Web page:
Virginia school board agrees to $1.3M settlement about transgender toilet plan

A Virginia faculty board agreed to pay $1.3 million in settling a federal discrimination lawsuit brought by a transgender former scholar barred from working with the boys’ restroom in high university just about 7 many years in the past. 

The American Civil Liberties Union declared Thursday that the Gloucester County University Board agreed to pay $1.3 million in lawyer service fees and expenses linked to the submitted on behalf by Gavin Grimm. 

“We gained,” Grimm, now 22, tweeted. “Honored to have been element of this victory.”

Grimm advised Insider he will not individually receive any funds from the payout. He formerly announced in January 2020 that he was elected to the ACLU Board of Administrators for a just one-12 months phrase. 


“The insurance policy supplier for the Gloucester County Faculty Board has tackled the Plaintiff’s ask for for attorney fees and charges ensuing from the Grimm v. Gloucester County College Board litigation,” the faculty board said in a assertion Thursday. “The College Board has no further more comment on this matter.” 

As a 15-12 months-outdated student at Gloucester High Faculty, Grimm was banned from using the boys’ bathroom. A faculty board plan demanded Grimm to use restrooms that corresponded with his organic intercourse — feminine — or personal loos. He submitted a federal lawsuit that wound its way by means of the courts for 6 decades. 

“This is the third time in new years that the Supreme Courtroom has authorized appeals of courtroom decisions in support of transgender college students to stand,” Josh Block, senior personnel attorney with the ACLU’s LGBTQ & HIV Undertaking, said in a assertion Thursday. “Our perform is not but performed, and the ACLU is continuing to battle in opposition to anti-trans legislation focusing on trans youth in states around the region.”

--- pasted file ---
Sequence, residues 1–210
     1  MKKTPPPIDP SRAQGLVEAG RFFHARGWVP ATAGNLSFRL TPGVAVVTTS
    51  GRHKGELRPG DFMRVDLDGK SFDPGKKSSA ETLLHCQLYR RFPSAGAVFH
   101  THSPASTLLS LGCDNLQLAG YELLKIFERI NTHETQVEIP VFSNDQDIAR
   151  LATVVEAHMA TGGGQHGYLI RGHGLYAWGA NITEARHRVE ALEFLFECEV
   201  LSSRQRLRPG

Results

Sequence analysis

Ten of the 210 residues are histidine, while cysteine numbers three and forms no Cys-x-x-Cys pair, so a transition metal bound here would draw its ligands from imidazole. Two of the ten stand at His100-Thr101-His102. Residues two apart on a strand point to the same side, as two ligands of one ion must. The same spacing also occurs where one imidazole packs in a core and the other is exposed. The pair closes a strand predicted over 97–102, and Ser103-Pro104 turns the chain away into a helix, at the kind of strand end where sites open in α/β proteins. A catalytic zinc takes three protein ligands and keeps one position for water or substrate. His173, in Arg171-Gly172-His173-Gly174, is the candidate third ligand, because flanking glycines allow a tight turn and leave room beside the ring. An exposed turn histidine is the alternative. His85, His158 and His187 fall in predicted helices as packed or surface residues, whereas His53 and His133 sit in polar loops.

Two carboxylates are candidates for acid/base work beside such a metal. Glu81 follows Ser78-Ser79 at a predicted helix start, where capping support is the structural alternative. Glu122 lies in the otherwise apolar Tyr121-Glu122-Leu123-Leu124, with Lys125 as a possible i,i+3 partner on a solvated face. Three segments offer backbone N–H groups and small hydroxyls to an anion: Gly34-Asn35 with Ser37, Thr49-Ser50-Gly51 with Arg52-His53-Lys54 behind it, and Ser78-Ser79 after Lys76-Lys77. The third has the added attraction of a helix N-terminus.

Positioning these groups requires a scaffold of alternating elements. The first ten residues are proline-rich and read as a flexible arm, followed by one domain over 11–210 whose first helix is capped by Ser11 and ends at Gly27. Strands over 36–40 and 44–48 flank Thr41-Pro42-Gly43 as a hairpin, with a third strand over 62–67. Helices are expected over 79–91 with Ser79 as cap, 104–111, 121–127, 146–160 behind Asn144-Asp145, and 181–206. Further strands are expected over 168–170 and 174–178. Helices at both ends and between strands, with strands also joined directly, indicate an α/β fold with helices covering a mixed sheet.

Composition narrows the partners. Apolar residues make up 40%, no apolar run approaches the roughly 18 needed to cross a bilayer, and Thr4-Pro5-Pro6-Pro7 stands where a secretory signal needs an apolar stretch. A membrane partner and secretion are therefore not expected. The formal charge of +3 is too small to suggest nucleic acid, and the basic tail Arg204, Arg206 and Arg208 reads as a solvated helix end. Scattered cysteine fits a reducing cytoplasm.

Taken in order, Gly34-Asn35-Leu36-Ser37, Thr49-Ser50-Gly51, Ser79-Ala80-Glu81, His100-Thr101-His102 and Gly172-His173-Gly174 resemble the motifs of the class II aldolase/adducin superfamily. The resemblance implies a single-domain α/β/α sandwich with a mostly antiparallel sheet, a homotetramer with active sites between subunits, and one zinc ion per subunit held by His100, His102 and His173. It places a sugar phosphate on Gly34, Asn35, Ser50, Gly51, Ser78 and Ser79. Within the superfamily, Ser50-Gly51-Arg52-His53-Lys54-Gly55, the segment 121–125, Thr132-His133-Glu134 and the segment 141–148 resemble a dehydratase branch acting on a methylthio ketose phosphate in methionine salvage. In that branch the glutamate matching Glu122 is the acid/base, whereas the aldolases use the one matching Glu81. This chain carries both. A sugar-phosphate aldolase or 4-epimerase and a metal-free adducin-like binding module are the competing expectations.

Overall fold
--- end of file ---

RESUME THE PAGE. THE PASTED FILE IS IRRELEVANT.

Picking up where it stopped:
Grimm filed his lawsuit in 2015 and argued that he suffered from urinary tract infections from staying away from university loos as well as suicidal views that led to hospitalization. 

In this March 6, 2017, file photograph, Gloucester County High University senior Gavin Grimm, a transgender student, speaks all through a news convention in Richmond, Virginia. The Gloucester County University Board has agreed to pay $1.3 million in authorized expenses to the American Civil Liberties Union soon after the nonprofit spent 6 decades representing a scholar who sued about the board’s transgender lavatory ban. 
(AP Picture/Steve Helber)

The Supreme Court was scheduled to listen to Grimm’s circumstance in 2017, but it was sent back to the reduced courts soon after the Trump administration rescinded an Obama-era directive that students can select bogs corresponding with their gender identity. 

Grimm’s scenario was heard once again in U.S. District Court docket in Norfolk in 2019 and by the 4th Circuit Courtroom of Appeals in 2020. Both of those ruled that the board’s policy violated Title IX, a federal civil rights law barring intercourse-dependent discrimination in any faculty that receives federal money. 

They also found it violated the U.S. Constitution’s Equal Defense Clause by prohibiting Grimm from utilizing the exact restrooms as other boys and forcing him to use individual restrooms. The Supreme Courtroom in June refused to hear the scenario, relying as a substitute on the decrease courts’ rulings that sided with Grimm. Bust conservative Justices Clarence Thomas and Samuel Alito said they would have read the circumstance. 

In its petition inquiring the Supreme Courtroom to listen to the case, the school board argued that its bathroom policy poses a “urgent federal problem of countrywide value.” The board argued previously that federal guidelines protect against discrimination centered on intercourse, not gender identity. Because Grimm had not gone through intercourse-reassignment operation and still experienced female genitalia, the board’s placement has been that he remained anatomically a female.

The ACLU, which represented Grimm in the lawsuit, argued that federal legislation would make it distinct transgender students are guarded from discrimination. 

Separately very last 7 days, Grimm spoke at a various Virginia college board assembly. 

He dealt with the Newport Information School Board, which held an crisis meeting to reconsider adopting direction from the Virginia Department of Instruction to allow for nonbinary and transgender college students to use bogs and enjoy on sporting activities teams that correspond with their preferred identity, not birth gender. The board narrowly voted Thursday to adopt the direction, reversing an before determination to reject it, WAVY documented. 

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In the meantime, the Chesapeake University Board, also in Virginia, final 7 days rejected utilizing individuals state guidelines that address the cure of transgender and nonbinary learners.

Fox News’ Emma Colton and The Related Press contributed to this report.